The minister is speaking in Afrikaans, and having been living in America for almost 12 years, I’m lost at times in the religious jargon of my native language. My mind wanders to how much the wedding must have cost, what kind of planning must’ve gone into this event. I start to think about how it must be like a record release. You fall in love with an artistic concept and you get engaged to it, you spend a year or so writing and recording it, and then you take your vows in front of everyone with confidence that you will love and stand by this work of art forever - you marry it. Almost immediately I start to feel shame at the thought of comparing a record release to holy matrimony. What is wrong with me?! The tears start threatening my perfect makeup again. Will I never find what these two have? Is my life even fertile enough to cultivate such a relationship? Are my eyes too clouded by the desire for success and fulfillment in my musical career? Am I missing the point? Would I even see the man of my dreams if he was arriving at my house with delicious baked goods and a bottle of red wine? I am selfish. I am dumb. I am fucking this all up. The tears turn from oh-my-god-we’re-growing-up tears to oh-my-god-I-am-the-worst tears.

Between the ceremony and the pre-drinks before the reception (I told you, massive wedding planning, I applaud it), I tell my mom in a bitchy teenagerish tone that she should go on without me, I need to have a cup of coffee and I’ll join everyone when I’m ready. I am truly living up to my standard of feeling like I’m the worst. I sit in the quiet of the cottage rented out for us on the vineyard where the wedding is being held and I sulk for the allotted thirty minutes I’ve given myself. I drink my bitter cup of coffee that I fucked up making and tastes like shit, and I text my friends self-pitying messages. I’m literally staying in heaven-on-earth for the weekend, and I still manage to put myself in some sort of hell. My insecurities and confusion and desires are my undoing in this moment and I can’t seem to stuff them back into the dark corners of my mind where they escaped from.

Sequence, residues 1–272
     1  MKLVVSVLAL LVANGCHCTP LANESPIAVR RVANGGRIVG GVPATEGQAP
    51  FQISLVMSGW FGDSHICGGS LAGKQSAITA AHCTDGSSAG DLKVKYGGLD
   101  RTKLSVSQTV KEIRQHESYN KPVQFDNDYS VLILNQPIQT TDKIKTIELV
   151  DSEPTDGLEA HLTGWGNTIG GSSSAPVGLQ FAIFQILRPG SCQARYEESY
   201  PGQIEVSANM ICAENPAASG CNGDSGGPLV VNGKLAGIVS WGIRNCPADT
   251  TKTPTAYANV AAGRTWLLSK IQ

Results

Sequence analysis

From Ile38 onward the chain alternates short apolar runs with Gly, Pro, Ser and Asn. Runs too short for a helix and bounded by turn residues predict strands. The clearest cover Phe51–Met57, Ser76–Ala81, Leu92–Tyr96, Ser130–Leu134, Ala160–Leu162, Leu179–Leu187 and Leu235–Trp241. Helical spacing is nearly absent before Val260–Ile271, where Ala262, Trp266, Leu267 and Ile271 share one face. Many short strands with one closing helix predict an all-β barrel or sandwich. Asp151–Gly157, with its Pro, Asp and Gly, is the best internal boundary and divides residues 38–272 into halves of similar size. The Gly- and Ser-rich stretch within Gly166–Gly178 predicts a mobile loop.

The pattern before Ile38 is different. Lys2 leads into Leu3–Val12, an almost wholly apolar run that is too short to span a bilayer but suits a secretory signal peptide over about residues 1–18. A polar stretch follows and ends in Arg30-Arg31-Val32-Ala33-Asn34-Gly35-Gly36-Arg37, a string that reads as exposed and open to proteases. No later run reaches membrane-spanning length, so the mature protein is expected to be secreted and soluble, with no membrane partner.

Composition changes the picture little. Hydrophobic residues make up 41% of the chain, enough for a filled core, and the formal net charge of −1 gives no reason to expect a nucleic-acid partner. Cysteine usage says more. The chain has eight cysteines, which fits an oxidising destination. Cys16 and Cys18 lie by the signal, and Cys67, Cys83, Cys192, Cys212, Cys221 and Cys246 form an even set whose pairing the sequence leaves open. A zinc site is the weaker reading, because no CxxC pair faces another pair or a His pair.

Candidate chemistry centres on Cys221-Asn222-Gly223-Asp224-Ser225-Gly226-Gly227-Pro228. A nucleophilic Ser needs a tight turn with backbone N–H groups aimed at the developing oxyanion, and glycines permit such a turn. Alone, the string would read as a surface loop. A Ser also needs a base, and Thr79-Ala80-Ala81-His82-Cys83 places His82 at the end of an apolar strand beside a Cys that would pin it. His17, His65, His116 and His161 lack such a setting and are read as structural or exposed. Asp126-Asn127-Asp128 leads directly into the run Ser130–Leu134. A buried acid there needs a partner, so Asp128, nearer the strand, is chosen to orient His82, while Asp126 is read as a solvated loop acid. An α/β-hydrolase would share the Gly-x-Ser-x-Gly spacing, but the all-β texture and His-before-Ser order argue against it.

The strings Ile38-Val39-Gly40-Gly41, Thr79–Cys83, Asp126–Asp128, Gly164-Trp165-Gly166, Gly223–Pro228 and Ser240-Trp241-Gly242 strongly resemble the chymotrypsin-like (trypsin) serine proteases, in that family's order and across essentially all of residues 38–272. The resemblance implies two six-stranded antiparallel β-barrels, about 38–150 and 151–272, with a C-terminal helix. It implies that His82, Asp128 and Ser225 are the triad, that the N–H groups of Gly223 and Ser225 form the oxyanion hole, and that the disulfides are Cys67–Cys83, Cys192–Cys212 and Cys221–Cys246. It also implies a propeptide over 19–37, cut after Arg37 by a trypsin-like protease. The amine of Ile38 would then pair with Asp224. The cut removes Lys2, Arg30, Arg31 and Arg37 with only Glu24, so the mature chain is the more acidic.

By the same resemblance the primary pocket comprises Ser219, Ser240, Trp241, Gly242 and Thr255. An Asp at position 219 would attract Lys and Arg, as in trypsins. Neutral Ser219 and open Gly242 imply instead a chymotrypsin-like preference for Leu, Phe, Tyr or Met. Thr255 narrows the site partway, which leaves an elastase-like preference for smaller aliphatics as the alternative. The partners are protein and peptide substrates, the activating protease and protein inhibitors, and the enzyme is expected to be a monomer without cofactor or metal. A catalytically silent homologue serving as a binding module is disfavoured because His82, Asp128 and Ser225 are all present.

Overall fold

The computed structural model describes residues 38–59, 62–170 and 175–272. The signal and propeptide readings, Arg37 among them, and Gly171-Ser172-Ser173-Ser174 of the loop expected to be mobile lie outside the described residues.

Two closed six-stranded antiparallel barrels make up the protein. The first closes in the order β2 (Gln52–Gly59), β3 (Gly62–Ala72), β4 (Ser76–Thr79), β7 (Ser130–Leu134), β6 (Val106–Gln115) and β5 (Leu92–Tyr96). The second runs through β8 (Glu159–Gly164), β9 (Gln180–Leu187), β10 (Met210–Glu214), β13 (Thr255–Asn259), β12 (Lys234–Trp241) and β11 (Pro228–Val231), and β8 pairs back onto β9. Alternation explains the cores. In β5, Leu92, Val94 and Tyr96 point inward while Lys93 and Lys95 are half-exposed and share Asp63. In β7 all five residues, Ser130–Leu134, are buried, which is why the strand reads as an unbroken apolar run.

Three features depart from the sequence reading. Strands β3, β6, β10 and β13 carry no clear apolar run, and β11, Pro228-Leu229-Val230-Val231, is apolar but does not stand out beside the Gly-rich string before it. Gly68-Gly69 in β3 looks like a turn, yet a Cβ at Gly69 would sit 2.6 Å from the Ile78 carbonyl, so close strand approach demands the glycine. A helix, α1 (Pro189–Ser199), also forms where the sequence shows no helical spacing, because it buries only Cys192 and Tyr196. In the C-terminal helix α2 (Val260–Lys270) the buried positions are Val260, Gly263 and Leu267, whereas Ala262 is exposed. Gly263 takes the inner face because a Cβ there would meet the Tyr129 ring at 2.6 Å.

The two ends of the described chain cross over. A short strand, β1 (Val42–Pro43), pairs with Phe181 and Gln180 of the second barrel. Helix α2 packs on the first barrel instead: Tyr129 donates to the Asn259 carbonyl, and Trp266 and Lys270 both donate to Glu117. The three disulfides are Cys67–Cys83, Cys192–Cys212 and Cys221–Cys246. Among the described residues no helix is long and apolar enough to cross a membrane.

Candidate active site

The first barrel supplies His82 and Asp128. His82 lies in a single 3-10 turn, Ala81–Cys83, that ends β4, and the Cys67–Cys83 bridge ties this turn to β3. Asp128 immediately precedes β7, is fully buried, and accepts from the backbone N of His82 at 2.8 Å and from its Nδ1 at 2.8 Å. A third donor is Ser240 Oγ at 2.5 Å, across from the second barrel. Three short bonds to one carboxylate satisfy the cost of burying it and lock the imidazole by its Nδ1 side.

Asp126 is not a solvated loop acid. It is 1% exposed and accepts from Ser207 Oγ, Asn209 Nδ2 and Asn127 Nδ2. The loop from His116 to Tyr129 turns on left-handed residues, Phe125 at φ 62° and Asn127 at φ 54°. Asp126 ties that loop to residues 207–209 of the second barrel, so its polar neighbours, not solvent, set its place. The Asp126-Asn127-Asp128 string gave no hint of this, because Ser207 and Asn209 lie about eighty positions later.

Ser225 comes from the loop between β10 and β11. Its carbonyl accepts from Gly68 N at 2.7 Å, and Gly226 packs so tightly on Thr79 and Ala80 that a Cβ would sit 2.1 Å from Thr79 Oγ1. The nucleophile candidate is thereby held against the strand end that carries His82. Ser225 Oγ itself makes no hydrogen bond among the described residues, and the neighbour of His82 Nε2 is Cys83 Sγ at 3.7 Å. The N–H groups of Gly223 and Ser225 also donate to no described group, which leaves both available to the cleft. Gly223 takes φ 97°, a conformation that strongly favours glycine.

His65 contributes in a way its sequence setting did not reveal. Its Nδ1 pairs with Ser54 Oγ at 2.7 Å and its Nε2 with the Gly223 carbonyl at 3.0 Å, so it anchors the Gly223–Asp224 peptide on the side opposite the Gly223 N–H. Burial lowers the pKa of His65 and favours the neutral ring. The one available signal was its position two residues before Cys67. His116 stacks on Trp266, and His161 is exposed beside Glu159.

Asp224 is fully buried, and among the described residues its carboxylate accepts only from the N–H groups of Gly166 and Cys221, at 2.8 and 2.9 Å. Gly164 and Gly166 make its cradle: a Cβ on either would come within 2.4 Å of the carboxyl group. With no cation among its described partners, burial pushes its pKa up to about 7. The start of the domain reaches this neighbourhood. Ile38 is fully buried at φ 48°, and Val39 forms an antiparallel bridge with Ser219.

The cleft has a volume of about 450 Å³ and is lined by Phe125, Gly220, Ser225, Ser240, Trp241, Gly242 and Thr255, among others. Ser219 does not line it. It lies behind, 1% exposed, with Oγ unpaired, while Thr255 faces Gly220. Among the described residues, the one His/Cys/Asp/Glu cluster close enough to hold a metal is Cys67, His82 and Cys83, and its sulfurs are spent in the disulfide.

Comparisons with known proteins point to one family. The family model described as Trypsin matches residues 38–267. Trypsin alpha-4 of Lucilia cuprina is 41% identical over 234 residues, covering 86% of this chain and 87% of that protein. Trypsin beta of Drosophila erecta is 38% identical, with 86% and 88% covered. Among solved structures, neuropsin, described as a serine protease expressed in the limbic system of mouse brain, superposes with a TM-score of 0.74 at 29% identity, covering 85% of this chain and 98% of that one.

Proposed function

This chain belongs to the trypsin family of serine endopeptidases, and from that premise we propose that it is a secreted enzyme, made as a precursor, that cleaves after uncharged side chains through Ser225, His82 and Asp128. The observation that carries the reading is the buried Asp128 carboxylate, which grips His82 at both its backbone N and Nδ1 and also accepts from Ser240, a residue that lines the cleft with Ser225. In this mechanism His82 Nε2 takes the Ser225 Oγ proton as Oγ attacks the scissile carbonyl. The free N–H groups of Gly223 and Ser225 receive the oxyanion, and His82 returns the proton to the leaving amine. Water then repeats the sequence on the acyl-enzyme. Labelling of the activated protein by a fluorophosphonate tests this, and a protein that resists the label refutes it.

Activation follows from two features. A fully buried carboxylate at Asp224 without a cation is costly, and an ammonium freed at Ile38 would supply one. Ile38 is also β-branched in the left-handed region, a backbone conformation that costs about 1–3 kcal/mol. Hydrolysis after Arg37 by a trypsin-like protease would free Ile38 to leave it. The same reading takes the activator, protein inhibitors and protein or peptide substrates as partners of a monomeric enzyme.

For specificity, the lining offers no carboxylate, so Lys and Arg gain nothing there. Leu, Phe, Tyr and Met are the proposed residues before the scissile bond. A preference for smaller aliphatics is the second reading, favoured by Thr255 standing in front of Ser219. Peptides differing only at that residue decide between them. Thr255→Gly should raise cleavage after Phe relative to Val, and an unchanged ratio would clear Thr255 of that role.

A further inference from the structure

I wash down the bitterness of the coffee with another glass of champagne that I grab at the pre-drinks garden party. My red high heels are sinking into the soft soil below, causing me to tilt in an unflattering way that’s all wrong for wedding photos. My mom urged me to print some photos from my experiences these last few years to give to my grandparents. The quaint circle is now expanding to a more nerve-wracking sized one as photos get passed from aunt to uncle to cousin to friend to grandmother to grandmother’s friend. Each time the picture of me with Obama is seen I explain how I ended up in the White House for a show I played. I explain the sparkly, artsy photos are the album artwork for my upcoming record - a record that has been at the forefront of my mind for over a year now and will be coming out soon (foreshadowing!!) I felt happy sharing these stories with my family but to be honest, in that exact moment, my “grand experiences” felt a little meaningless. I’ve been gone for so long and have missed so much. My grandfather wants to frame a large version of my album cover and put it up in their house. He’s 93 years old and we’re now getting reacquainted.